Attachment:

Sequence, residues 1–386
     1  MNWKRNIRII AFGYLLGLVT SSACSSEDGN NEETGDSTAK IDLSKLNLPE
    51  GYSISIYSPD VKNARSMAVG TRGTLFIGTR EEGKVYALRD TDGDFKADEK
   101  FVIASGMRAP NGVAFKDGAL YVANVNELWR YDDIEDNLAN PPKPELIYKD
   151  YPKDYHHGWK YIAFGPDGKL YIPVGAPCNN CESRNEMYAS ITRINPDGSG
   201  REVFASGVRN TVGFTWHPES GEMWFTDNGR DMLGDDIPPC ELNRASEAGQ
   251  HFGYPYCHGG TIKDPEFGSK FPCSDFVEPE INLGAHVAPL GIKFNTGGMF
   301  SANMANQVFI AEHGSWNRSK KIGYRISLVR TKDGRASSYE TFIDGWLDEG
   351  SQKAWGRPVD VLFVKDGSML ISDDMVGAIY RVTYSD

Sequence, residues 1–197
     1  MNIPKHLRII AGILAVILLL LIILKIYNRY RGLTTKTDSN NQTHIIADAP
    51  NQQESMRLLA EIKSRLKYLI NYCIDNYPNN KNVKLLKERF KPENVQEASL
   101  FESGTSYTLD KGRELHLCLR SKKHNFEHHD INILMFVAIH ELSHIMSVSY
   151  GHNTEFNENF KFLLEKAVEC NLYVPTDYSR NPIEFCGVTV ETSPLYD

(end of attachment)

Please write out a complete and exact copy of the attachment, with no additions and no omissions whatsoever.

Sequence, residues 1–386
     1  MNWKRNIRII AFGYLLGLVT SSACSSEDGN NEETGDSTAK IDLSKLNLPE
    51  GYSISIYSPD VKNARSMAVG TRGTLFIGTR EEGKVYALRD TDGDFKADEK
   101  FVIASGMRAP NGVAFKDGAL YVANVNELWR YDDIEDNLAN PPKPELIYKD
   151  YPKDYHHGWK YIAFGPDGKL YIPVGAPCNN CESRNEMYAS ITRINPDGSG
   201  REVFASGVRN TVGFTWHPES GEMWFTDNGR DMLGDDIPPC ELNRASEAGQ
   251  HFGYPYCHGG TIKDPEFGSK FPCSDFVEPE INLGAHVAPL GIKFNTGGMF
   301  SANMANQVFI AEHGSWNRSK KIGYRISLVR TKDGRASSYE TFIDGWLDEG
   351  SQKAWGRPVD VLFVKDGSML ISDDMVGAIY RVTYSD

Sequence, residues 1–197
     1  MNIPKHLRII AGILAVILLL LIILKIYNRY RGLTTKTDSN NQTHIIADAP
    51  NQQESMRLLA EIKSRLKYLI NYCIDNYPNN KNVKLLKERF KPENVQEASL
   101  FESGTSYTLD KGRELHLCLR SKKHNFEHHD INILMFVAIH ELSHIMSVSY
   151  GHNTEFNENF KFLLEKAVEC NLYVPTDYSR NPIEFCGVTV ETSPLYD